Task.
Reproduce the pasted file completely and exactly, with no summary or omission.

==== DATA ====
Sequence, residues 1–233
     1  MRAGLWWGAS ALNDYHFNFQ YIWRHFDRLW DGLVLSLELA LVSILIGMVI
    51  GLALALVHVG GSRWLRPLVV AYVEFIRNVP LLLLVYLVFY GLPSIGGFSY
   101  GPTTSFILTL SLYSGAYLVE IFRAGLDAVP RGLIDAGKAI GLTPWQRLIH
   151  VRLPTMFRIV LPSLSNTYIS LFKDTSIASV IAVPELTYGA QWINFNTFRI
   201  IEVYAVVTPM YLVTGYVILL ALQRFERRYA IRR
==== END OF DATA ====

Sequence, residues 1–233
     1  MRAGLWWGAS ALNDYHFNFQ YIWRHFDRLW DGLVLSLELA LVSILIGMVI
    51  GLALALVHVG GSRWLRPLVV AYVEFIRNVP LLLLVYLVFY GLPSIGGFSY
   101  GPTTSFILTL SLYSGAYLVE IFRAGLDAVP RGLIDAGKAI GLTPWQRLIH
   151  VRLPTMFRIV LPSLSNTYIS LFKDTSIASV IAVPELTYGA QWINFNTFRI
   201  IEVYAVVTPM YLVTGYVILL ALQRFERRYA IRR